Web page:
DeMoss began taking Effient on or about April 2014 (id. at ¶8) and subsequently suffered a massive cerebral hemorrhage and died on July 19, 2014. (Id. at ¶10.) Plaintiffs filed this action in Hopkins Circuit Court on July 19, 2016. Defendant removed this action on August 24, 2016. Plaintiffs contend that Defendant designed, manufactured, and promoted a drug it knew to be highly dangerous based on clinical trials funded by Defendant; promoted it as “better” than Effient's safer, competitor drugs, such as Plavix; and failed to adequately warn users of the unreasonably significant risk of intracranial hemorrhage without any opportunity for reversal. Plaintiffs assert claims for negligence (design defect, manufacturing defect, and failure to warn); strict products liability (design defect, manufacturing defect, and failure to warn); breach of implied warranties; negligent misrepresentation; violation of the Kentucky Consumer Protection Act; and loss of consortium.

         Defendant moves the Court to dismiss Plaintiffs' claims arguing that the causes of action are unsustainable as a matter of Kentucky law and fail to meet the pleading standards articulated by the Supreme Court in Iqbal and Twombly.


         A. Strict Liability Claims

         Plaintiffs have asserted strict liability claims based on the theory that Effient was defective in its design and manufacture and because the Defendant failed to warn of the risk of injury caused by the medication. (Complaint at ¶¶ 55-78.)

         1. Strict Liability Design Defect Claim

         Under Kentucky law, to prevail in a strict products liability action, a plaintiff must establish: “(1) that there is a product, which is (2) in a defective condition unreasonably dangerous to the user or consumer or his property, and (3) which reaches the user or consumer without substantial change in the condition in which it is sold; (4) that the product is sold by one who is engaged in the business of selling such a product which (5) results in physical harm to the ultimate user or consumer or his property.” Bosch v. Bayer Healthcare Pharms., Inc., 13 F.Supp.3d 730, 740 (W.D. Ky. 2014) (citations omitted). A plaintiff also must establish that there was “an alternative, safer design that is practicable under the circumstances.” Id. Defendant contends that Effient falls within the ambit of comment k to section 402A of the Restatement (Second) of Torts because the FDA's approval of Effient for the treatment of acute coronary syndrome conclusively demonstrates that the benefits of Effient exceed the potential risks. Thus, Defendant argues it is not subject to design defect liability, and the Court should dismiss this claim.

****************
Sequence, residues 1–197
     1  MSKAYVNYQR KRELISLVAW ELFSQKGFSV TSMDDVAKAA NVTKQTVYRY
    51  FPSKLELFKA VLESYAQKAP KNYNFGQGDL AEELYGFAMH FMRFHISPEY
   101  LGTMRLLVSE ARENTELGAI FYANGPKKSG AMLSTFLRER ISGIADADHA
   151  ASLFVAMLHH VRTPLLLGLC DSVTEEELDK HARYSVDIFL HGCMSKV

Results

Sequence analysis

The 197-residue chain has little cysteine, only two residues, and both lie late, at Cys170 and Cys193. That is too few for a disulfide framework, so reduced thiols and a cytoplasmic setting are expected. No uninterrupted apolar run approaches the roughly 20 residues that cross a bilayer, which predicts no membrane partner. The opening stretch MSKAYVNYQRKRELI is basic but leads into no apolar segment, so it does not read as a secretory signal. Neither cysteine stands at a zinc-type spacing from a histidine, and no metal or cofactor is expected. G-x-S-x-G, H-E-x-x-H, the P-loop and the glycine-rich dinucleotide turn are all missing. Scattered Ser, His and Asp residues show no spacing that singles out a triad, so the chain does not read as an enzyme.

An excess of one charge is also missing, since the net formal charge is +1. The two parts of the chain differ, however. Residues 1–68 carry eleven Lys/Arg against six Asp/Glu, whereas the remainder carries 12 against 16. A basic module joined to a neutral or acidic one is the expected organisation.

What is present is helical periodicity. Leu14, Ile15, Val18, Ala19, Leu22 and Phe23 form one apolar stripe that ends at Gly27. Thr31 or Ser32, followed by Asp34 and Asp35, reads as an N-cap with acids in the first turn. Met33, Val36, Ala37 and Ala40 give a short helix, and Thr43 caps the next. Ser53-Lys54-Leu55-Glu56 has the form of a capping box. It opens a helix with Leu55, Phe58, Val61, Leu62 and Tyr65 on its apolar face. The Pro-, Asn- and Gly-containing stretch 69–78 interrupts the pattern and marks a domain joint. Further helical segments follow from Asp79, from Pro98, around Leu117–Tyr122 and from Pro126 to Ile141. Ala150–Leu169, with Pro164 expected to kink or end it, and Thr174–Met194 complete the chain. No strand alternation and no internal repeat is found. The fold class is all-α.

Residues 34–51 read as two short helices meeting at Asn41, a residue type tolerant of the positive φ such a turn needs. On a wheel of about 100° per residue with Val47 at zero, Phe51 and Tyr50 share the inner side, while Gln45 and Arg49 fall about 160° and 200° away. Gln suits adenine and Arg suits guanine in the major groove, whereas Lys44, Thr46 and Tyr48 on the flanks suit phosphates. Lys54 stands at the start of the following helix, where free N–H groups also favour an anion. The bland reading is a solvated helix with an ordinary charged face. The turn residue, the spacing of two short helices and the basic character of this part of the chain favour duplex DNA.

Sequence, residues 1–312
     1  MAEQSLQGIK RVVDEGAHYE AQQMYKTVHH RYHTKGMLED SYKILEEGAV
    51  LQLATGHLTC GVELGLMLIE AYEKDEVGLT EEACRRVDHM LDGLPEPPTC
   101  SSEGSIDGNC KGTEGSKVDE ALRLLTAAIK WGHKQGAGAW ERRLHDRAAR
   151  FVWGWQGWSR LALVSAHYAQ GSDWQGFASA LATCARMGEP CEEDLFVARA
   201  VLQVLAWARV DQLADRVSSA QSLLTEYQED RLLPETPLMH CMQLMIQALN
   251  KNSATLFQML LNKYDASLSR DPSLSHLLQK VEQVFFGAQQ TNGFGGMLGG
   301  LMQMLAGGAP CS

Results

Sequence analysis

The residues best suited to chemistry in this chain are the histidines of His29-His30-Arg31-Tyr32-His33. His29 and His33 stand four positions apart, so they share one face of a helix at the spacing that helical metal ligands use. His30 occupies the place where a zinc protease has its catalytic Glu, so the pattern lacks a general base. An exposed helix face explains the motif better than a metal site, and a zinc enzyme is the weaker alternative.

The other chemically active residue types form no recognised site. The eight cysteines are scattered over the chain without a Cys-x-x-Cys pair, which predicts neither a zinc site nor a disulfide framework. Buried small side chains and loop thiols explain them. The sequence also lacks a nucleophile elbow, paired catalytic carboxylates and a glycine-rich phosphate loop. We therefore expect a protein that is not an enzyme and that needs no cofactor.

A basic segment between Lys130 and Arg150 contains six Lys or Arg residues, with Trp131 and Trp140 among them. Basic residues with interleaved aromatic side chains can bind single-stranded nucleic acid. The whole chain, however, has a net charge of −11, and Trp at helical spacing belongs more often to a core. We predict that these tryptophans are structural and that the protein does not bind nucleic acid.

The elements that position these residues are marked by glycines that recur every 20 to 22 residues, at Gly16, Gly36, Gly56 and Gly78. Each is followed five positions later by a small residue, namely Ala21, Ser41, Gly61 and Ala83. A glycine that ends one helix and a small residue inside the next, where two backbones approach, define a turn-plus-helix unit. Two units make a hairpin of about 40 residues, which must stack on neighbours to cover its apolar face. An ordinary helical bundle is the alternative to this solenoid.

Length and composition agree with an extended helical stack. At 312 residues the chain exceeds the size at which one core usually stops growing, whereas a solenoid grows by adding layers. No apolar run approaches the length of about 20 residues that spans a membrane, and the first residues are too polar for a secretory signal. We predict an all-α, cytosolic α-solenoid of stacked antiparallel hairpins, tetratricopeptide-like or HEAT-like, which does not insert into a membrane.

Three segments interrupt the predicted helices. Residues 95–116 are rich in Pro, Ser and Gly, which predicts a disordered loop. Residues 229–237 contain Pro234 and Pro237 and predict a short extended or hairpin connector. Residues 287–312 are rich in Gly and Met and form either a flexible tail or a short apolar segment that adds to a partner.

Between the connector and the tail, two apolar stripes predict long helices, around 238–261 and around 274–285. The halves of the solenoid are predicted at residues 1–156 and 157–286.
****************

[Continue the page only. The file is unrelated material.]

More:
Kentucky follows the Restatement (Second) of Torts, including comment k to section 402A. Prather v. Abbott Labs., 960 F.Supp.2d 700, 706 (W.D. Ky. 2013) (citing McMichael v. American Red Cross, 532 S.W.2d 7, 9-11 (Ky. 1975)). Comment k “provides an exception to the general rule of strict liability for ‘apparently useful and desirable product[s], attended with a known but apparently reasonable risk.'” Id. (quoting Restatement (Second) of Torts § 402A cmt. k). Where comment k applies, a prescription drug manufacturer “is not subject to strict liability for design defects. Instead, the manufacturer's liability is limited to manufacturing defects, for those cases in which the [drug] given had been improperly prepared, and warning defects, where a manufacturer's failure to market a drug . . . without adequate warnings of its dangers renders the product defective.” Snawder v. Cohen, 749 F.Supp. 1473, 1476 (W.D. Ky. 1990); see Foister v. Purdue Pharma, L.P., 295 F.Supp.2d 693, 705 (E.D. Ky. 2003). In Kentucky, the scope of comment k is determined on a case-by-case basis. Prather, 960 F.Supp.2d at 707; see Weiss v. Fujisawa Pharm. Co., 2006 WL 3533072, *1, *3-4 (E.D. Ky. Dec. 7, 2006)(extends “comment k protection when the apparent benefits of the drug exceed the apparent risks, given the scientific knowledge available when the drug was marketed”). Courts consider such factors as “(1) the drug's overall ...